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John Linton is a highly experienced manager and development consultant who has worked at a senior level in Africa, Asia and the UK.
John Linton joined NRI in December 2001 as Commercial Director. He was recruited to lead a restructuring process which would change NRI from being a Government research institute to becoming a more innovative, market-led organisation. Since that time NRI has evolved to become a global leader in agricultural research and innovation.
John started his career in Papua New Guinea working in Fisheries Extension. Building on his interest in private sector development, he established and ran commercial fishing and fish processing operations in two remote locations in PNG. He also established and ran a successful crocodile farm.
On leaving PNG, he worked for two years with the American management consulting firm, Alexander Proudfoot, where he worked in both operations and analysis. During his time with Proudfoot, he worked with blue chip clients in manufacturing, heavy industry, food and beverages, utilities and aerospace sectors.
He then joined the Overseas Development Administration (now DFID) of the FCO and served as Team Leader on the Red Sea Fisheries Development Programme in Sudan. On leaving Sudan he joined Landell Mills Limited, a leading British development consulting company. When he left to join NRI in 2001 he was responsible for the company's operations in Africa and the Pacific.
While John's technical background lies in fisheries and fish marketing, for the last 20 years he has been involved in strategic consultancy, assisting partners in the public and private sector to address operational challenges. During this time he has worked mainly in Africa and Asia and has worked with the fisheries, agriculture, horticulture and textiles sectors.
He also has worked closely with research organisations to assist them to streamline procedures and increase efficiency.
More recently John has been working with the British government to develop a tripartite research programme between Africa, China and the UK.
In addition to his role as Commercial Director at NRI, John Linton is also leading NRI's research in support of fisheries and aquaculture value chains. His particular focus is on private sector development. He is leading a multi-disciplinary working group on finance and investment in the fisheries and aquaculture sectors in Africa. Working under the auspices of the Comprehensive African Agricultural Development Plan (CAADP), this group involves individuals for the private sector, Universities and the financial sectors in Europe and Africa.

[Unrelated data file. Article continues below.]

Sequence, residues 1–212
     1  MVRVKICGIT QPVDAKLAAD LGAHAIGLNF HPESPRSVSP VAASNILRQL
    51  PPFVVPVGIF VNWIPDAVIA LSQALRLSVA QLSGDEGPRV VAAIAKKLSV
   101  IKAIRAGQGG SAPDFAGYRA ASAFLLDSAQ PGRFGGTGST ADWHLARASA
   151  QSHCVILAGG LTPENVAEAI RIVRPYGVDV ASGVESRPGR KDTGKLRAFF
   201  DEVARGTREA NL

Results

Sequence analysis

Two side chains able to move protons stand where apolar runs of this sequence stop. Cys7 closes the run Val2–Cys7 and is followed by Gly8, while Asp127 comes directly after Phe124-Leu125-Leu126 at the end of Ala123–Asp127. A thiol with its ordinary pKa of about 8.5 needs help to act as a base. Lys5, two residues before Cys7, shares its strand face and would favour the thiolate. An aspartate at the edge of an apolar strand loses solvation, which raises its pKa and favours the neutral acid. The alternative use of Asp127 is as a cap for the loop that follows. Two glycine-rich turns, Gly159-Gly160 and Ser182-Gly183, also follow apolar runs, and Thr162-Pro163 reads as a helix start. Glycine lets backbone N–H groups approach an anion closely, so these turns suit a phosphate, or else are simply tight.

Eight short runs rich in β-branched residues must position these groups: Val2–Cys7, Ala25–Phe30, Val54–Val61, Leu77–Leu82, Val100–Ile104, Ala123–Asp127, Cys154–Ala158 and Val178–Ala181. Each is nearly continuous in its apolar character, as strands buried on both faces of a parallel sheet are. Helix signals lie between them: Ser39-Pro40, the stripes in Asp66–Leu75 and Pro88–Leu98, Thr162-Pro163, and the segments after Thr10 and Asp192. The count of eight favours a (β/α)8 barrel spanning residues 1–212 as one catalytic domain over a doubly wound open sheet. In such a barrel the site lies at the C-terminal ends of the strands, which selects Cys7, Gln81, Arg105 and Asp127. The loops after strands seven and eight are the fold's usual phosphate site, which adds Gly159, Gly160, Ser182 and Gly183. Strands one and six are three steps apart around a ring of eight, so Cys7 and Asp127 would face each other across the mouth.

He has also been a senior member of a team who have developed a tripartite programme for agriculture and aquaculture development in Africa. This brings together research expertise from China, Africa and Britain with a view to exploring the potential for applying lessons learned in China to the African context.
Partnership for African Fisheries: Finance and Investment Working Group
Fisheries resources currently provide significant social and economic benefits to Africa, including livelihoods to about 10 million people (many of whom are small-scale operators supplying food to local and sub-regional markets), nutrition and food security for over 30% of the population (some 200 million people for whom fish is the main source of animal protein and micro-nutrition), and $4.3b per year of revenues from international trade. Fisheries represent the leading agriculture export commodity for Africa (and indeed to developing countries globally), forming a significant component of some national economies.
Small and medium enterprises in the fisheries sector make significant contributions to national economies in many developing countries. However, in most parts of the world, fishing communities are poor and have little access to resources most importantly financial services.
Finance and investment funds come mainly from savings within the fisheries and aqua-culture industry, and partly from informal sources of credit such as fish traders and processors. However these sources are not sufficient for SME fisheries and fish farmers. Reason being they meet short-term credit needs rather than long-term financial requirements. Secondly the terms of financing are often disadvantageous for the fisheries while formal financing is channeled towards the larger-scale fisheries.
The purpose of the programme is to develop innovative and equitable approaches to investment in the African fisheries sector
- Kleih, Ulrich, Linton, John, Marr, Ana, Mactaggart, Murdoch, Naziri, Diego and Orchard, John E. (2013) Financial services for small and medium-scale aquaculture and fisheries producers. Marine Policy, 37. pp. 106-114. ISSN 0308-597X (doi:10.1016/j.marpol.2012.04.006) Item not available online.